A: Following my trespass into Bangladesh, on March 29, 1971, I came to know in the evening that fighting had broken out at Jessore. The Pakistan Army leaving their cantonment was stationed on the streets and they had turned the whole city into a garrison. There were reports of resistance offered by Bangladesh’s freedom fighters to the Pakistan army. Anticipating a confrontation with the army, the Mukti Bahini had moved all older people, women, and children from the cities to the villages. On March 30, some Mukti Bahini people came to villages from Jessore to procure food for the Mukti Bahini in the city. But there being little food in the villages, the Mukti Bahini men had to contend with whatever little was available. We came to know that the Pakistan army had made the villages around Jessore the target of their attacks and the Mukti Bahini was engaged in a resistance to the army. The roads had been barricaded and even women were participating in this resistance.
Q: Can you describe the mood among the people of Bangladesh when they were face-to-face with the Pakistan army?
A: To recount an incident on March 30, 1971 when I met an old man in the village, he asked us where we had come from. On introducing ourselves, he remarked, “You are like my grandson, I tell you, I am 96 years old, my wife is dead, but I can still fight, if I get a gun, I will fight for freedom.” He was unhappy that like other old men, he was taken to the village. While I was entering East Bengal, I had seen a scantily dressed boy hiding in the bushes. He approached us and imitated the sound of a gunshot. On being asked why he made the gunshot sound, the boy asked, “Could you give me a gun?” taken aback, I asked, “Why do you want I gun?” to which the young boy replied, “I want to kill Yahya Khan.” In my report published on March 31, I had narrated, ‘We have read the story of the sepoy mutiny against the British also the story of brave Titu Mir who had fought the British with a bow and arrow and the story of the Vietnam war, when the people unitedly took on US imperialism. It seems as if the 7.5 crore people of Bangladesh have emerged as a force bringing all these three struggles together. The hope in the struggle led me to conclude that Yayha’s call had not halted the cuckoo birds cuckooing and the rattling of bamboo leaves had not stopped; similarly, Bangladesh’s aspiration for freedom would not go.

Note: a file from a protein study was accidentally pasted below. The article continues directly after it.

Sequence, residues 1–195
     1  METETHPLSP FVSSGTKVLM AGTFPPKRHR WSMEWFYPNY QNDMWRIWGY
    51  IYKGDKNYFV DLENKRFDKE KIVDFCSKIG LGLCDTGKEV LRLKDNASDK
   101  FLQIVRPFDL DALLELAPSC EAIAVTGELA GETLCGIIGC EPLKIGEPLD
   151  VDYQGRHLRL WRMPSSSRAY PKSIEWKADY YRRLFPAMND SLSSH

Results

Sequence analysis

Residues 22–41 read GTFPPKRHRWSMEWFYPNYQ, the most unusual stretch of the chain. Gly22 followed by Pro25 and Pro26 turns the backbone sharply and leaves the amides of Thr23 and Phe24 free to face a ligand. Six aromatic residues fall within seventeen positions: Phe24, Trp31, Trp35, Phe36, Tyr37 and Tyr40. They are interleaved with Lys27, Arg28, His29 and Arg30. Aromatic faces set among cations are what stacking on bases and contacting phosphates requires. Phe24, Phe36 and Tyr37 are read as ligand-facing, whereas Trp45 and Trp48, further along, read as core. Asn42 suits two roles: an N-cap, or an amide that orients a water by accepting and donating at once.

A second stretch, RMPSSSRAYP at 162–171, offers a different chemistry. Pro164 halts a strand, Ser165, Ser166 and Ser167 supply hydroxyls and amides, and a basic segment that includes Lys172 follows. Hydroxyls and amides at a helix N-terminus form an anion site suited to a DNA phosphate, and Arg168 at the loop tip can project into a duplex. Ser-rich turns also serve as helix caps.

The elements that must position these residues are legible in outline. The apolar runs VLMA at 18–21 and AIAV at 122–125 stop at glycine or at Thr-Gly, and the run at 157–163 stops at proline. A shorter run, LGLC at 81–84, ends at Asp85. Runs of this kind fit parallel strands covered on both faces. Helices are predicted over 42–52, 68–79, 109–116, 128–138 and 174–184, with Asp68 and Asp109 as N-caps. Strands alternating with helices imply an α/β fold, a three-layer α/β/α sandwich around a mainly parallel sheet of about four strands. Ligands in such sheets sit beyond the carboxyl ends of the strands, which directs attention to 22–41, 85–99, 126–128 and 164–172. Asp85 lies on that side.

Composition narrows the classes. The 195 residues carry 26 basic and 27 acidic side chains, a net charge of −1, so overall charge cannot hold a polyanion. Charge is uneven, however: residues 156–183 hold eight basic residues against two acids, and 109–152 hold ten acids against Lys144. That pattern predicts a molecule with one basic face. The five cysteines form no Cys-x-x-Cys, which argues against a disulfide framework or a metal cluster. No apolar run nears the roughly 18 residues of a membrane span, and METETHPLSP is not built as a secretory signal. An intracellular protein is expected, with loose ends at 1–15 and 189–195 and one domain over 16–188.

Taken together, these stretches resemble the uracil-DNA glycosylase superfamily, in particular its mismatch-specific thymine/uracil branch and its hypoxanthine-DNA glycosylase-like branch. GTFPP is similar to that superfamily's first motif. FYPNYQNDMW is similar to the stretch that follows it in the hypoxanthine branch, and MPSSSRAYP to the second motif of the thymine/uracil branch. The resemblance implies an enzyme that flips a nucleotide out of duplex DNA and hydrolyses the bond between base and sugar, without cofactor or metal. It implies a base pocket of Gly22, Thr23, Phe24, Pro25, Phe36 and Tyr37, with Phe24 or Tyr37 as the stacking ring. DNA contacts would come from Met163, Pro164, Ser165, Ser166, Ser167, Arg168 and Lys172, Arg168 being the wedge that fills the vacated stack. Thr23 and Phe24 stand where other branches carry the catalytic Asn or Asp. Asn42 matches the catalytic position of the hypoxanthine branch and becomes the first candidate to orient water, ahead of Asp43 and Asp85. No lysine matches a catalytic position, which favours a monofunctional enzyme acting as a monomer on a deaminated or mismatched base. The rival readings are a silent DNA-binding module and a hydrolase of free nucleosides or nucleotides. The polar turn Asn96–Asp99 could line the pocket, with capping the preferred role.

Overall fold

Q: Did you have to face any hardships while covering the Bangladesh liberation struggle as an Indian journalist?